La Monarca Art Symposium begins February 14
Artist Jason Garcia
Photo courtesy of okuupin.com
The Adams State University Art Symposium kicks off with a screening of Don't Call Me Son on February 14 and the first hands-on art workshop Storytelling in Contemporary Native American Ceramics on February 16. The events are free and open to the public.
Don't Call Me Son, (Portuguese: Mãe só há uma) a 2016 Brazilian drama directed by Anna Muylaert, begins at 6 p.m. in the Visual Arts Building room 227. The movie received a Jury Prize at the Teddy Awards for LGBT-related films at the 66th Berlin International Film Festival.
The film stars Naomi Nero as Pierre, a teenager unsure of his gender identity but not yet committed to coming out as transgender, whose life and sense of self is complicated when he learns that the woman who raised him is not his real mother, but stole him from the hospital shortly after birth — and in fact he has a whole other birth family, whose expectations of their missing son and brother he may also never be able to meet.
The February 16 art workshop, Storytelling in Contemporary Native American Ceramics will feature artist Jason Garcia at 10 a.m. in the Visual Arts Building room 169. According to okuupin.com, Garcia carefully examines and interprets life around him and then shares those uniquely personal observations with the rest of the world. In his finished work—most often clay tiles that are created in the traditional Pueblo way with hand-gathered clay, native clay slips and outdoor firings, he transforms materials closely connected to the earth into a visually rich mix of Pueblo history and culture, comic book super heroes, video game characters, religious icons and all things pop culture. The son of well-known Santa Clara Pueblo potters John and Gloria Garcia (known as Golden Rod), and the great grandson of the equally revered Santa Clara potter Severa Tafoya, Garcia notes he has been an artist all his life.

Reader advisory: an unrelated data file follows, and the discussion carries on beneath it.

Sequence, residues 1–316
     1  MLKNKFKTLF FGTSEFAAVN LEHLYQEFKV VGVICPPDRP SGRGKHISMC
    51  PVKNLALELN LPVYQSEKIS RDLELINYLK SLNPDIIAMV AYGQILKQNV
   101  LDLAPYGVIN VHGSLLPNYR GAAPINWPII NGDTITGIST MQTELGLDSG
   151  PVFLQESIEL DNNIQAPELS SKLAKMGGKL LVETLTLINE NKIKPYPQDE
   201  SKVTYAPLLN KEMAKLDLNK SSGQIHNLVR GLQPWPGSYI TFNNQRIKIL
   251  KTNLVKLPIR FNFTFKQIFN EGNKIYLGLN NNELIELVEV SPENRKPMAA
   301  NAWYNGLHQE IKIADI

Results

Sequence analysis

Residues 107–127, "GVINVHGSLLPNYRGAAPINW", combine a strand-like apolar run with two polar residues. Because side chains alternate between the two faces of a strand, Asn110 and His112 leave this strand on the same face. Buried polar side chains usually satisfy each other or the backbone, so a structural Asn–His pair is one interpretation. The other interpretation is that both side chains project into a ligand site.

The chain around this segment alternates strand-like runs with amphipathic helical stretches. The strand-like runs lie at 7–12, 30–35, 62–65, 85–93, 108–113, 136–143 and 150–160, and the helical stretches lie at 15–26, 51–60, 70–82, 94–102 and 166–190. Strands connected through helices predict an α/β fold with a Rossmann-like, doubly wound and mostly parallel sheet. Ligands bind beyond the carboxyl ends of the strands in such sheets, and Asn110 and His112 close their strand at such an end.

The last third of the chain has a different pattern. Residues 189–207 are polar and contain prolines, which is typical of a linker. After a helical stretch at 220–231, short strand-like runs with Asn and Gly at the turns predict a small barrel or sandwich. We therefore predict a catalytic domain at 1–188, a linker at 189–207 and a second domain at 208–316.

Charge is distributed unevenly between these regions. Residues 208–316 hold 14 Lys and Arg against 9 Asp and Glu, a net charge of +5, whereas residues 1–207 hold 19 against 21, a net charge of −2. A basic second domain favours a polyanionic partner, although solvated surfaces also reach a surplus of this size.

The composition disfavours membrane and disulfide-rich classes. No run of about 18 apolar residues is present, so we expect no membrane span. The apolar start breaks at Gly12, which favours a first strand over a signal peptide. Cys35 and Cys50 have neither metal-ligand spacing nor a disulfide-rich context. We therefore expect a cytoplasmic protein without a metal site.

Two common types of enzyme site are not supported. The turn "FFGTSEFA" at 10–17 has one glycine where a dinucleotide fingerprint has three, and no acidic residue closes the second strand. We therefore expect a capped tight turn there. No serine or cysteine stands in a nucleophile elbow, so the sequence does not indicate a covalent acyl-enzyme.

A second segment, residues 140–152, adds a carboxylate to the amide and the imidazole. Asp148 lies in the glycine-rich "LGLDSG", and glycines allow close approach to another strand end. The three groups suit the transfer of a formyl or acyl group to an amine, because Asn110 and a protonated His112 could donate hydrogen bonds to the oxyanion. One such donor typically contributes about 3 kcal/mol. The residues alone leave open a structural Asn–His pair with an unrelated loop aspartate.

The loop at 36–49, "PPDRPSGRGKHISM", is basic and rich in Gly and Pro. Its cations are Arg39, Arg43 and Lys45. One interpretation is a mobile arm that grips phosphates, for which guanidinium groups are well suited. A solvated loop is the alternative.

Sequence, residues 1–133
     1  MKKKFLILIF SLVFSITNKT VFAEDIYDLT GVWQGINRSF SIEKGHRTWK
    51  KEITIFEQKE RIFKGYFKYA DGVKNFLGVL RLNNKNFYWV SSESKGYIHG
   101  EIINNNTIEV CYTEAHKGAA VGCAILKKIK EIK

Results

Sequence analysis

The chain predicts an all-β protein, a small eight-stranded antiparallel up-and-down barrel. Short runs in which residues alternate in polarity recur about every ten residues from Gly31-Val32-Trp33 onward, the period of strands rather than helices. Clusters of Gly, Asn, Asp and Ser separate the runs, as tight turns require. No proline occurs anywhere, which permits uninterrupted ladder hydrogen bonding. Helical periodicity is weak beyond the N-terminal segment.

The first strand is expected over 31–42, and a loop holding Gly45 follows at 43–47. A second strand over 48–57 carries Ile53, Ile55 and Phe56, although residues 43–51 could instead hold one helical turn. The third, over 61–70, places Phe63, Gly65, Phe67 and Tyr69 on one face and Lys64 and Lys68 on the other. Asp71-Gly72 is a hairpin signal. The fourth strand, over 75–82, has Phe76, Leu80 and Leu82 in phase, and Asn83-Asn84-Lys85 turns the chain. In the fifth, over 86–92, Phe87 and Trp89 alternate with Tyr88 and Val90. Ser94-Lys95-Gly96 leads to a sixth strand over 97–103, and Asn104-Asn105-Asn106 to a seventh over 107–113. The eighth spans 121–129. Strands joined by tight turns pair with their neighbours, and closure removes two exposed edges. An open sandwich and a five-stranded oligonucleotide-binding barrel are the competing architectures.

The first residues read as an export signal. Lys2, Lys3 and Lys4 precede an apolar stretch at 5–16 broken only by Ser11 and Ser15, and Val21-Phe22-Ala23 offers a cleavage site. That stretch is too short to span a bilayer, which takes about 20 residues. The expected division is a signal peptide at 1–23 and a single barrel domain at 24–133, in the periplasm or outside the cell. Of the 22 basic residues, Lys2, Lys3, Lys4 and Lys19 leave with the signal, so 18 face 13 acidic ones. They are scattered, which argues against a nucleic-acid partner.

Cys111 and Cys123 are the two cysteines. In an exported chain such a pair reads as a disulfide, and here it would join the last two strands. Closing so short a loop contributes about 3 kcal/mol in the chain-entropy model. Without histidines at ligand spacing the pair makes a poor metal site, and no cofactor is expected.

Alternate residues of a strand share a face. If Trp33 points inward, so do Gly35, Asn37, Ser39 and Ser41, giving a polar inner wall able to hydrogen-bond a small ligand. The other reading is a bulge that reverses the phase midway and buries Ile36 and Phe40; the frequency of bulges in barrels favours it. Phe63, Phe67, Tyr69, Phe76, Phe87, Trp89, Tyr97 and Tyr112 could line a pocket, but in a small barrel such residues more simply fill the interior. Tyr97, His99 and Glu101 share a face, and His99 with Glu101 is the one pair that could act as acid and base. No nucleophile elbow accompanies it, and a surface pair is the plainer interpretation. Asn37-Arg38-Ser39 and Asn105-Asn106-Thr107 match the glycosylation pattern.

La Monarca, a one month symposium focused on empowering local traditions and resisting global movements of power through the arts, represents beauty, migration, and transformation. These qualities are the conceptual starting point for a symposium that aims to cultivate discussion around the persistent and enduring effects of colonialism in the Americas. Through looking at the visual culture of indigenous and other underrepresented groups this symposium will highlight a chorus of voices and visions from the American Southwest, Mexico, Central and South America.
An exhibition, Local Traditions, Contemporary Visions, will feature select pieces from the Adams State Luther Bean Museum collection with work from artists featured in the La Monarca Symposium. The exhibit will be on display from February 26 through April 6 in the Hatfield Gallery, located in the Adams State Visual Arts Building. A closing reception will take place from 5 p.m. until 7 p.m. Friday, April 6.
The Art Symposium will continue through March 14 featuring films and art workshops. For more information and a complete schedule visit La Monarca.